Specifically, the film ends on a distinct but extremely gutsy "down note:" the destruction of the planet Earth itself. Bloodier and more brutal even than its predecessor, Beneath of the Planet of the Apes thus goes out on a note of high inspiration, even if it is notably dark inspiration.
After Taylor (Heston) disappears in the Forbidden Zone under strange circumstances, Nova (Linda Harrison) makes a return to civilization to seek help.
Along the way to Ape City, she meets up with John Brent (Franciscus), an astronaut who has followed Taylor's trajectory in hopes of rescuing him and also crash landed..
Dr. Zaius (Maurice Evans) is not happy about going along on this excursion, fearing "the unknown." He visits Zira (Kim Hunter) and Cornelius (David Watson) to share his concerns, and also to recruit them to fulfill his duties in his absence.
The denizens of this subterranean metropolis are mutated humans, survivors of the nuclear war who have developed the powers of their mind.
These mutants claim they are peaceful, and that their only weapon is "the power of illusion." But they are not being completely truthful in this description. They also possess a fully operational atomic bomb, the The Alpha Omega Bomb, which is capable of burning to a cinder the planet Earth. The mutants worship the bomb (and "the holy fallout") and plan to use the device to defeat the aggressive Apes.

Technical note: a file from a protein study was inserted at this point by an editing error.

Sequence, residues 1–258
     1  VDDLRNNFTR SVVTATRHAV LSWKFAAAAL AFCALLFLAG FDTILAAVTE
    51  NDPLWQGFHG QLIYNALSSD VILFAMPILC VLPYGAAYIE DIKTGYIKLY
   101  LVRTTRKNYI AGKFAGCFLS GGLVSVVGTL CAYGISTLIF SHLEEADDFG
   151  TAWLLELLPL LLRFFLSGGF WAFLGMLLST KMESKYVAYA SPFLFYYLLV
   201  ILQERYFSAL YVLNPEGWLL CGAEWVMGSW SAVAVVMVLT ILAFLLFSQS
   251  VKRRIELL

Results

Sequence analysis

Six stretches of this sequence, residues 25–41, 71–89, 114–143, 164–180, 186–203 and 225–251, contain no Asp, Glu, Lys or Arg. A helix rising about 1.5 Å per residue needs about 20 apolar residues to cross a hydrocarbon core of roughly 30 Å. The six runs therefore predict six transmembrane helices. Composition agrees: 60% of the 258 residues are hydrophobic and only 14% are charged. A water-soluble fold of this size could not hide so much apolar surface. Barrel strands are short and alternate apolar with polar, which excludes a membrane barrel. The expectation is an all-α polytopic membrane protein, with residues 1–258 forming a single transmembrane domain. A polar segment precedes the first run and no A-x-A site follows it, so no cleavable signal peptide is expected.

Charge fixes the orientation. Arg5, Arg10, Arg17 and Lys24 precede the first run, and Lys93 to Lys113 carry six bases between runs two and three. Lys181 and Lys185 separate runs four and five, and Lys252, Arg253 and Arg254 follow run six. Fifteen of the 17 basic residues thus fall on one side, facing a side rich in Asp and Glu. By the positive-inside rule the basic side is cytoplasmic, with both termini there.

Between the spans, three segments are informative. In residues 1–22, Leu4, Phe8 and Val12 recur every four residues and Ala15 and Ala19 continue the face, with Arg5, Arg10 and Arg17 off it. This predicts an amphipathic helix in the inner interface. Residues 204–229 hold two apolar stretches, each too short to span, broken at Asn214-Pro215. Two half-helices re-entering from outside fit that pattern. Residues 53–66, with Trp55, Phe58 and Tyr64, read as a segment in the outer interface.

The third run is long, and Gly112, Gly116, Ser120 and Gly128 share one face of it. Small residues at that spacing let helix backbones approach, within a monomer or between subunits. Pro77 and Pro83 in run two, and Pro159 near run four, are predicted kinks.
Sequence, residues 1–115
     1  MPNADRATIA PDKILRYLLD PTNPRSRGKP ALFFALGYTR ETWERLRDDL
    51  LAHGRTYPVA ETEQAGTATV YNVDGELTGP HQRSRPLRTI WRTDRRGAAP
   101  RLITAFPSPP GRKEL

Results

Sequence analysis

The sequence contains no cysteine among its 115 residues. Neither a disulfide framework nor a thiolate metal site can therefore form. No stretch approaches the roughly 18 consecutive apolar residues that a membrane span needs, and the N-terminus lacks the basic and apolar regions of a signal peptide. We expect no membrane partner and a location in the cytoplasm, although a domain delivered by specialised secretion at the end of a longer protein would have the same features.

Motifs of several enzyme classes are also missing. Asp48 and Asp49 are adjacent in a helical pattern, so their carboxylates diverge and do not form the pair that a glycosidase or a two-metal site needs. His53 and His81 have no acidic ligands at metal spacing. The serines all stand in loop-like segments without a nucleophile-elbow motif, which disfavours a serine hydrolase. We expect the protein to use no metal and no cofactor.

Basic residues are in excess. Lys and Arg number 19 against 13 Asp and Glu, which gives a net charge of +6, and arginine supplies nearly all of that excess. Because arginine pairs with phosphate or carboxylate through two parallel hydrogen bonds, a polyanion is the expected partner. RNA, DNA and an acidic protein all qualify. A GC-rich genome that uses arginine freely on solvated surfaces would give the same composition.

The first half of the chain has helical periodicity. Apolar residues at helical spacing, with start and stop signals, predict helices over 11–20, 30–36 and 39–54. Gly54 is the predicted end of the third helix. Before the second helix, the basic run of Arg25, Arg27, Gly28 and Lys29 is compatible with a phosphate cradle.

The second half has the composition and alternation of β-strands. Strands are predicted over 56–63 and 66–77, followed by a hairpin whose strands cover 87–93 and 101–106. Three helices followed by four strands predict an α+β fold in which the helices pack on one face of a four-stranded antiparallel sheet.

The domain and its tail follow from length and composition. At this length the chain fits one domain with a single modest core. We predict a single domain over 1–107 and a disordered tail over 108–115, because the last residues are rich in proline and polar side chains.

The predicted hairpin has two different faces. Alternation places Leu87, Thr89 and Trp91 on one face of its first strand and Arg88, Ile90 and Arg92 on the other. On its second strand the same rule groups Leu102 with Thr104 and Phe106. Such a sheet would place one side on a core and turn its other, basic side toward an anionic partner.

In its best moments, Beneath the Planet of the Apes sets up a fine comparison between the conquering ape army and the under-dwelling mutants of bombed-out NYC.
Both races express the notion that they are God's select; that God is talking explicitly to them. In Ape City, Ursus's speech notes that it is the "holy mission" of the apes to plant their flags and guns upon new territory. What Zaius considers a "great crisis," Ursus views as an opportunity for fulfillment of destiny. The apes -- chosen in the image of the Almighty -- shall expand their power, and Ursus shall have the opportunity for glory; to exercise his highly trained militia. His campaign to the Forbidden Zone is even described as a "holy war" in one instance.